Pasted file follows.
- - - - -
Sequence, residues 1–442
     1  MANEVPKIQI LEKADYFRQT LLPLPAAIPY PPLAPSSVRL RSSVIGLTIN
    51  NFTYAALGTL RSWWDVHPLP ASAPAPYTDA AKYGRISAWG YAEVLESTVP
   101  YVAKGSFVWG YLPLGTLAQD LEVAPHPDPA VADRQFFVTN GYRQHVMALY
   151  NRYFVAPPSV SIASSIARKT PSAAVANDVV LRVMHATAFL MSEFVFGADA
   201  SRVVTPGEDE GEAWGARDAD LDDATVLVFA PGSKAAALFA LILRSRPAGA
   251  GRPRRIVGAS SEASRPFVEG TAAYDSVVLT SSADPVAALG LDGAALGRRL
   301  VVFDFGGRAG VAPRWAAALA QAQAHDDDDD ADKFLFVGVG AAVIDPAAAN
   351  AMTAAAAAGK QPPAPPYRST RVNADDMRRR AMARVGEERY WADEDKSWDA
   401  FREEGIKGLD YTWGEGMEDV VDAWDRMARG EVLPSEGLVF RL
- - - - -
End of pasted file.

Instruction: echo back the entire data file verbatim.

Sequence, residues 1–442
     1  MANEVPKIQI LEKADYFRQT LLPLPAAIPY PPLAPSSVRL RSSVIGLTIN
    51  NFTYAALGTL RSWWDVHPLP ASAPAPYTDA AKYGRISAWG YAEVLESTVP
   101  YVAKGSFVWG YLPLGTLAQD LEVAPHPDPA VADRQFFVTN GYRQHVMALY
   151  NRYFVAPPSV SIASSIARKT PSAAVANDVV LRVMHATAFL MSEFVFGADA
   201  SRVVTPGEDE GEAWGARDAD LDDATVLVFA PGSKAAALFA LILRSRPAGA
   251  GRPRRIVGAS SEASRPFVEG TAAYDSVVLT SSADPVAALG LDGAALGRRL
   301  VVFDFGGRAG VAPRWAAALA QAQAHDDDDD ADKFLFVGVG AAVIDPAAAN
   351  AMTAAAAAGK QPPAPPYRST RVNADDMRRR AMARVGEERY WADEDKSWDA
   401  FREEGIKGLD YTWGEGMEDV VDAWDRMARG EVLPSEGLVF RL